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Removing Healthy Breast Tissue does Little to Fight Risk of Breast Cancer, Study Suggests

Jul 21, 2014

It has become increasingly common for women with cancer in one breast to undergo a prophylactic or preventative mastectomy, which is the removal of the healthy breast as a precaution. According to a new study published Wednesday in the Journal of the National Cancer Institute, however, the survival benefit of doing this is less than one percent.

"We found fairly convincing evidence that there really is no meaningful long-term survival benefit for the vast majority of women with breast cancer by having their opposite breast removed," said Dr. Todd Tuttle, a researcher in the study and chief of surgical oncology at the University of Minnesota School of Medicine. According to HealthDay, he stated that "Most patients have very minimal increases in life expectancy, one to seven months," spread out over 20 years or longer, particularly in younger women.

To conduct the study, Tuttle and his team gathered data for over 100,000 women with stage I or stage II breast cancers and tracked survival for more than 20 years. A model was then used to simulate survival results in women who preemptively had healthy breast tissue removed compared to those who did not.

Factors such as quality of life, surgical complications, or fear driving the decision to have a preventive mastectomy were not included in the analysis.

Importantly, the women included in the study did not have the breast cancer genes, BRCA-1 and BRCA-2. According to the U.S. National Cancer Institute, women who have these genes are significantly more likely to develop breast and ovarian cancer and preventative surgeries to remove the breast and ovaries are frequently discussed.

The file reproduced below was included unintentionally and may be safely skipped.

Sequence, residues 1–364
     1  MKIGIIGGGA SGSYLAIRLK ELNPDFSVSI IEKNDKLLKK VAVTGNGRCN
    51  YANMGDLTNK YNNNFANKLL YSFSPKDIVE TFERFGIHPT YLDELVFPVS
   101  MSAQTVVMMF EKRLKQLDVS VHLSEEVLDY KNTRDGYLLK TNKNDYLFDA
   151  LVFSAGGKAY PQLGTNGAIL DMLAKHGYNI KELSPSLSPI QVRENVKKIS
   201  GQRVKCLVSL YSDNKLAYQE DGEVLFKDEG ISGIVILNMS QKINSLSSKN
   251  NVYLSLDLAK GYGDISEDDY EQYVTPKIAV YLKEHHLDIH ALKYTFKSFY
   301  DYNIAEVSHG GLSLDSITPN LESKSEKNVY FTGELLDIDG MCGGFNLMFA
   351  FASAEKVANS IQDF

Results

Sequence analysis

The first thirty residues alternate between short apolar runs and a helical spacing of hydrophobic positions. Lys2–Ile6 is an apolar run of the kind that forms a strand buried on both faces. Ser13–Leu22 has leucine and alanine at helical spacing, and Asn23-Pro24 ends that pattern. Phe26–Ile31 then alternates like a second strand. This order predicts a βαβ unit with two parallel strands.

Some recent studies suggest that unsubstantiated fears prompt women to have their healthy breast removed. One study looked at women under 40 who chose this procedure; only 18 percent thought the removal would boost survival although 94 percent said they wanted to boost survival.

Tuttle says that as a physician, he has encountered many women who are interested in preventative mastectomy because they are afraid of cancer developing. According to HealthDay, many patients tell him "I am going to have my other breast removed for peace of mind." to which he replies "It's really a false sense of security." He stated that overall survival depends on "whether the original cancer spread, not whether you get a new one."

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